• Hire for experience? Conclusion was that this is important if you know exactly what you are going to do. Otherwise, hire for the right DNA that fits with your company.
  • Onboard thoughtfully – know what culture and processes will be needed and train early.

The best people are those who are malleable and do not have absolute dogmas. You need people who are willing to learn and change. These are the best hires.

Here’s my favorite quote of the night.

“All adult learning comes from pain.”

What you say? The premise is that when you are a child everything is new and you just accept it and learn. As you grow up, you start to gain opinions and internalize data and experiences. Everything starts to get measured against that. The only thing that can really change your attitude and what you have learned is if it was painful when you didn’t change.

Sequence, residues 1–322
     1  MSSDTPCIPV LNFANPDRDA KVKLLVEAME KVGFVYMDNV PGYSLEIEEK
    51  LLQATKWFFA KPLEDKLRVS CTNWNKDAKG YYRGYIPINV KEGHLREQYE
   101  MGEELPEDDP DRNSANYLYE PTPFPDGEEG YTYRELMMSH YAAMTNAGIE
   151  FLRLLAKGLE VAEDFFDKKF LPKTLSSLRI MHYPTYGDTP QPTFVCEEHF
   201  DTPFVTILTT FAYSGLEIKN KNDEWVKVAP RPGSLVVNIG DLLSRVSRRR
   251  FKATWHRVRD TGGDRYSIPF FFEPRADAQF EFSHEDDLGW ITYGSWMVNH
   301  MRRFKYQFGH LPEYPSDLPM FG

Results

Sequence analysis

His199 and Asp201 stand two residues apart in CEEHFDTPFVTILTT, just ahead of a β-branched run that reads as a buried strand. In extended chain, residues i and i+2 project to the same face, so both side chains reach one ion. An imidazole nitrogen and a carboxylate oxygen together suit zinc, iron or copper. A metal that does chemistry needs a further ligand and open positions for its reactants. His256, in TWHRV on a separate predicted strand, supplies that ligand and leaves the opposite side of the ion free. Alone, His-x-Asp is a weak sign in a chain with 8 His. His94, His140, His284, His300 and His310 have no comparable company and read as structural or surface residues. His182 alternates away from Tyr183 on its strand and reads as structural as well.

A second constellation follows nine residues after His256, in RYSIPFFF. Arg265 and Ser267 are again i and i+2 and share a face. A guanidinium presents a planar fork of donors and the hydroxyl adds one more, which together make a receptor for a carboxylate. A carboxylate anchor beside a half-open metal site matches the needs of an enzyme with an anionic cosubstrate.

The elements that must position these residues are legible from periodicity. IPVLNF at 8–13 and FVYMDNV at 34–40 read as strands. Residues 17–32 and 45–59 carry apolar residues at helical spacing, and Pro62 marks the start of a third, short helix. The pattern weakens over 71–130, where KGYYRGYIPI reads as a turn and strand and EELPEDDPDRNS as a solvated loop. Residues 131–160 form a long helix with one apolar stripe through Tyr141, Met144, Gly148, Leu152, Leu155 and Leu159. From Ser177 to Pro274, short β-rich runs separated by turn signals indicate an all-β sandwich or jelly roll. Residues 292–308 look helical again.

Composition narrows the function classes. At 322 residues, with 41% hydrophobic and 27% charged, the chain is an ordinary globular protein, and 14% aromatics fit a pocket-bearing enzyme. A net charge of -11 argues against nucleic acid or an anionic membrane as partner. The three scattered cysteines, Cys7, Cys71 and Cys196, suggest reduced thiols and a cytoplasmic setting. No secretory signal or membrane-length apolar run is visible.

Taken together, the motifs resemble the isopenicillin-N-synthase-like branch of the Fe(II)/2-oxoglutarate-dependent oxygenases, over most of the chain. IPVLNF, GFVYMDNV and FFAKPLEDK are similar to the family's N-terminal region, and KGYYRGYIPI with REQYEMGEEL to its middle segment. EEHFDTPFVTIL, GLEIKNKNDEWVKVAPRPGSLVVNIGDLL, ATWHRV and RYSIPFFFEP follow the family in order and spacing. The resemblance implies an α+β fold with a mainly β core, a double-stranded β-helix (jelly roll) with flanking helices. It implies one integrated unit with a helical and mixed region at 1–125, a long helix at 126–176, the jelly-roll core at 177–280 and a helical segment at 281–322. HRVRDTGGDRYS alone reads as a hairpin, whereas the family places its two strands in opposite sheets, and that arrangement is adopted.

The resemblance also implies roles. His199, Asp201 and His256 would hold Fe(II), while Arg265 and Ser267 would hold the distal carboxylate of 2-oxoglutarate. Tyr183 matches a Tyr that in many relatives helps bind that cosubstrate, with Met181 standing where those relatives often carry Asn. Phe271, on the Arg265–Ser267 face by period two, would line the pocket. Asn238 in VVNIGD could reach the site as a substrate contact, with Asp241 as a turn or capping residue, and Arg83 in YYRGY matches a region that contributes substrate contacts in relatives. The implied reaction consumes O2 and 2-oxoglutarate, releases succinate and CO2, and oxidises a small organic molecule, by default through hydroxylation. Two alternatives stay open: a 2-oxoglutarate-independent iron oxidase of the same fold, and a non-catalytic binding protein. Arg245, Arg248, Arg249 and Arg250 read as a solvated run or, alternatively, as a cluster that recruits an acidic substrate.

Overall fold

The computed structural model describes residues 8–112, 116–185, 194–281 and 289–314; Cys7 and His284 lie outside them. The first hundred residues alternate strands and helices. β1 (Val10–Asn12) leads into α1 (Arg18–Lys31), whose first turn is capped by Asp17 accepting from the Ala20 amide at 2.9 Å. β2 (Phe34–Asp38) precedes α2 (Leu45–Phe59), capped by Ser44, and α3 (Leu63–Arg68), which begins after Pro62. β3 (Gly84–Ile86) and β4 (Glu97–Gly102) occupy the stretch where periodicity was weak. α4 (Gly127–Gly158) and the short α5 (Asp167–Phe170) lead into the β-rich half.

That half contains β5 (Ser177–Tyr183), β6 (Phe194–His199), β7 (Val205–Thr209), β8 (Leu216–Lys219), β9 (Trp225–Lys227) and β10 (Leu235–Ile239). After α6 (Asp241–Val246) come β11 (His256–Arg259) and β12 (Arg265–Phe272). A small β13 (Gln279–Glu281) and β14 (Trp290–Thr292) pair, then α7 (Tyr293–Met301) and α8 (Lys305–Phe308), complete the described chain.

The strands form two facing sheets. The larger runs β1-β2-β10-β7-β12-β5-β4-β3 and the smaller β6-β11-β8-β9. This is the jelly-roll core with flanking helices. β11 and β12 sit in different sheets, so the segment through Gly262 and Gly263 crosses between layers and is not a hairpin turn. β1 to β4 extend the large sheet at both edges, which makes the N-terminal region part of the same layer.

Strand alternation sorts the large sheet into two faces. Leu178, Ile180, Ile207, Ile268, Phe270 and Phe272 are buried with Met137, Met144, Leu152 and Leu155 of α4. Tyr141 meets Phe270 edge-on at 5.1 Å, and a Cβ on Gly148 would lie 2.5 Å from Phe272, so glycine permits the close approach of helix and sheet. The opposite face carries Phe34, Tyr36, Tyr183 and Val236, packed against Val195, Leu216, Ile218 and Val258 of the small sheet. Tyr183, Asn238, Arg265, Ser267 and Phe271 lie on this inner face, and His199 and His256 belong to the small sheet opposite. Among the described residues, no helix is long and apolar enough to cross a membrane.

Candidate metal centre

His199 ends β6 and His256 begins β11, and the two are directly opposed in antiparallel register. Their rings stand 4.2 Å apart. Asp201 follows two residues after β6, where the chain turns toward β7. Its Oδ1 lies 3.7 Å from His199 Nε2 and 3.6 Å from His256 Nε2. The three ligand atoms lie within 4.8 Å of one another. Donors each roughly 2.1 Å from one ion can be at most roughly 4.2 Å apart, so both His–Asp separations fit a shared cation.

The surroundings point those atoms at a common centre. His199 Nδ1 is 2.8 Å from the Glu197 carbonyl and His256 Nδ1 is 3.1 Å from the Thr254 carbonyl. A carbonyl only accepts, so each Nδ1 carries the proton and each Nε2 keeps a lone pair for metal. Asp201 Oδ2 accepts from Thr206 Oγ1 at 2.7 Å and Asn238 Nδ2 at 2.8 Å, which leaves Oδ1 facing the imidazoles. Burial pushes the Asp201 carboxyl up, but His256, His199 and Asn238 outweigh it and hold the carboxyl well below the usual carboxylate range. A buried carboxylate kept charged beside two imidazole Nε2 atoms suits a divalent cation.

Oh, and it wouldn’t be right if I didn’t post a food picture. Box served us Chicken, sauteed vegetables and rice. I washed it down with and Indian Ale.


One of the things I love about the valley is that there are so many great people, places and opportunities to learn. I really encourage you to find the meetups in your area and network! You get free food, meet new friends and sometime even learn a thing or two!

And speaking of meetups, our company ( is sponsoring a meetup on April 9th in San Jose California. Here’s a link below to all the details. I’ll be there so come find me if you are in the area.

Tech in Motion: Social Tech Mixer


About song

Tech guy in the silicon valley. If you need anything else, look on the blog. It's all there.